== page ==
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Tebogo Thekisho realised he could not make a living from his music and media career forever, so he devoted himself to "personal growth and development". Picture: SUPPLIED
Tebogo Thekisho realised he could not make a living from his music and media career forever, so he devoted himself to "personal growth and development". Picture: SUPPLIED

Being renowned for busting rhymes and blazing a trail as an entrepreneur may be regarded as mutually exclusive, but Tebogo “ProVerb” Thekisho has shown that entertainers can also be savvy entrepreneurs.

Thekisho is best known for his music and his role as a television and radio presenter, but he also runs a property business.

The transition from hip-hop artist to entrepreneur was motivated by the need to reposition himself as a brand and to create a safety net for life after the limelight, he said.

“The professional life of an entertainer is very short. This realisation is what informed my decisions.

“I began to become entrepreneurial and thought a lot about which businesses I wanted to venture into. This entailed brand positioning and deciding what to shed, and creating the right associations to set my ambitions in motion.”

Growth often means making sacrifices and shedding attributes of the old self, Thekisho said. “The downside to personal development is that you have to rebrand yourself, and this exercise is often met with resistance. Part of rebranding means making hard decisions and shedding a lot.

“This is often very challenging because your clientele associate you with a certain skill set. You almost have to reposition and reintroduce yourself and start from the beginning and build a new brand altogether.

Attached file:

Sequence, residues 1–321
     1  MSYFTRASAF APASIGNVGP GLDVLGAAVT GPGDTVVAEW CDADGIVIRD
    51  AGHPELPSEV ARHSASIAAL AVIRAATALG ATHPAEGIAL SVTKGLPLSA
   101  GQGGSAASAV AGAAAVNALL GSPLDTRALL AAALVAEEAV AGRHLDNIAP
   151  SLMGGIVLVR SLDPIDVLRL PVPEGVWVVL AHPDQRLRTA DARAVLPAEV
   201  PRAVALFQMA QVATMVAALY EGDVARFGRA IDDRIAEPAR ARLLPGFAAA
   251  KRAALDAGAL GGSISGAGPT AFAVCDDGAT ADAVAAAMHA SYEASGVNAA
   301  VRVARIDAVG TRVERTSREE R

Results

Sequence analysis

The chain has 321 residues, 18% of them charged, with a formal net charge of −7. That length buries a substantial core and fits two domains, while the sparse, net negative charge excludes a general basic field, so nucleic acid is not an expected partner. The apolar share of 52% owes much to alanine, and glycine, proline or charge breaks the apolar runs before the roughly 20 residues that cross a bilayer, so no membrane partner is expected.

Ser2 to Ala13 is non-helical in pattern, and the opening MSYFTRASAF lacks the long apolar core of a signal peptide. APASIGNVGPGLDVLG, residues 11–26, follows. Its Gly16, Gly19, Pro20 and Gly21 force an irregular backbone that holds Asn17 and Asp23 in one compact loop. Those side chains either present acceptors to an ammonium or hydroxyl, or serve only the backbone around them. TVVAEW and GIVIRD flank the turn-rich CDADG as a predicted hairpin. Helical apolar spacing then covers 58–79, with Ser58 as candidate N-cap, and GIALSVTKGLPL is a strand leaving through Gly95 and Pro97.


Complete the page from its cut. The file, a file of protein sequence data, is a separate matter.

“The hardest part was to politely decline and turn down business opportunities that spoke to the old brand. It was a very expensive exercise. However, what I have learnt is that there isn't a perfect point during a journey of personal growth and development to pivot from one point to another.”

Watch an interview with Thekisho:

One thing is clear — personal growth and development are not a one-off event but a continuous journey, he said.

“An entrepreneur should be focused on developing and evolving because the world is changing so fast. You may be dominating in your space and be an industry leader today, but if you're not constantly developing yourself and evolving, you are running the risk of being left behind by shifting trends and getting caught in that space and becoming a one-trick pony.

“My advice to entrepreneurs is to constantly develop, to always innovate and look for new ways to add to your skills set and offering. Personal development and growth should be a constant motion.”

Thekisho cites the example of Kodak, whose dominant position in the photography industry collapsed when it failed to adapt to the digital age.

He has applied these life lessons to his own life.

He has a certificate in sound engineering from the Academy of Sound Engineering and a certificate in property development and investment from the University of Cape Town and is studying towards his bachelor of business administration degree with a long-term view to enrolling for an MBA.

Personal development is multifaceted, he said.

“In my book, formal personal development refers to empowering oneself through partnerships, working with the right people, networking, creating and building new relationships and also furthering your studies.

“Informal ways of personal development methods entail reading up or watching YouTube clips, for example, but also studying and empowering yourself academically.”

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